Thursday 20 February 2014

Meet Ali Sade, the man behind Kanebaaz

09:06 By Lollywood Online No comments

Siddiq (Mohib Mirza), a small-time hustler rises from the streets of Kharadar to Karachi’s high society where his card-counting skill is recognised by the infamous Bawan Shah (Faisal Rehman). PHOTO: FILE
Based on real events, Kanebaaz is about the bond between two men, one who is self-assured yet torn and the other who desperately needs a mentor to give credence to his skill and entity. Kanebaz offers a harsh glimpse of Karachi, where a queen in the pocket doesn’t always make one a king. The Express Tribune delves in a thorough conversation with the man behind this brilliant Lollywood drama film, Ali Sade.
Kanebaz is interesting on many levels; describe your state of mind when you decided to make such a film?
After directing my first British film, Somnolence, my attention turned to Pakistan. Having spent a considerable amount of time in Karachi, I was amazed by its charm and diversity. When the opportunity to make a Pakistani film came along, I made a conscious decision to ensure that I captured Karachi’s diversity. I observed the wealth of different cultures on the streets of Karachi — be that in dialect or architecture. Most of the local dramas and telefilms lack the true element of the streets of the metropolis. The local content is shot in Defence bungalows and the dialogue sound mostly upper class — the majority of people cannot relate to it. Therefore, I wanted to make a film that a common man can relate to. I wanted to make a film where you can feel Karachi — the heat, the intensity and the beauty. For example, in the beach scene, you can hear and feel the ambience of the seaside; the waves crashing, the sound of the camel chimes passing and the sunlight reflecting on water. This brings the viewer closer to the characters and also gives them a real feel of what it’s like on Clifton beach.
How did your interest in filmmaking develop?
I always knew I wanted to be a film-maker. Since the age of seven, I was passionate about films and since then, I had known that film-making is what I want to pursue as a career. When I think of my childhood, I remember that there were several instances in which I would find myself watching movie trailers and advertisements of certain films that I was not old enough to see. The fact that I wasn’t old enough to watch them used to make my imagination race wildly. I would use my own creativity; I’d deploy the possible stories being told in those films.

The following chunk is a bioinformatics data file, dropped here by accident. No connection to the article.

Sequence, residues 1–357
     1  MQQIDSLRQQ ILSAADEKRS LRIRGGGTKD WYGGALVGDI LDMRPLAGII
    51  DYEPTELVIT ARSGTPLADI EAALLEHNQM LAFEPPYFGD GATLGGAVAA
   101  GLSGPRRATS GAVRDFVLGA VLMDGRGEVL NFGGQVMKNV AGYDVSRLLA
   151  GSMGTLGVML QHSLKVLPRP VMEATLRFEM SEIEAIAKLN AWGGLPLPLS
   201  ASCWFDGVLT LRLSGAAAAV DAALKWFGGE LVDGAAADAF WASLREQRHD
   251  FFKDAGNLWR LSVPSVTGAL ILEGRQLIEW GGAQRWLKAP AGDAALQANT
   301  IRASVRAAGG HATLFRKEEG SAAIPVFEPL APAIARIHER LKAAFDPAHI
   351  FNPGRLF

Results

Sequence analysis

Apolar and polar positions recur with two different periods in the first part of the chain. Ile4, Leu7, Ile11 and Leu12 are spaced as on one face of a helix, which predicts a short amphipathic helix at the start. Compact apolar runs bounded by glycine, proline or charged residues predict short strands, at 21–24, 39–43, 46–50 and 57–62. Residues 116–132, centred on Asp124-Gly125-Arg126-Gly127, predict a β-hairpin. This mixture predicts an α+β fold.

These early experiences laid down the foundations of my storytelling, which subsequently led me to study media, which eventually led me to making my own films.
Do you make an effort to not conform to traditional standards of formula filmmaking?
That’s very normal for me. If you watched Somnolence and then watch Kanebaaz, you will notice that the two films are structured very differently. In Kanebaaz, the narrative and shot construction is very linear whereas Somnolence is perhaps best described as French new-wave cinema. When approaching Kanebaaz, I made a conscious effort to make a film in a way that the Pakistani audience can best relate to.
The two things that stand out in your work are the comic elements and the slowed down action-sequences. Tell us about these?
When it comes to action sequences, my intention is to make them as real and exciting as possible. Imagine a batsman receiving a ball approaching him at a speed of 90kph. To the onlooker the event happens in a flash. However, if we look at it from the batsman’s perspective, he aims and hits the ball into a direction where he feels it will be safe to do so.
Within a split second, he slows the ball down in his mind and draws the moment out longer which mentally gives him more time to exploit it. I use that very same technique; we get to see that the character is slowing down in his mind and after the impact, we see a sudden increase in pace as it happens in real life.


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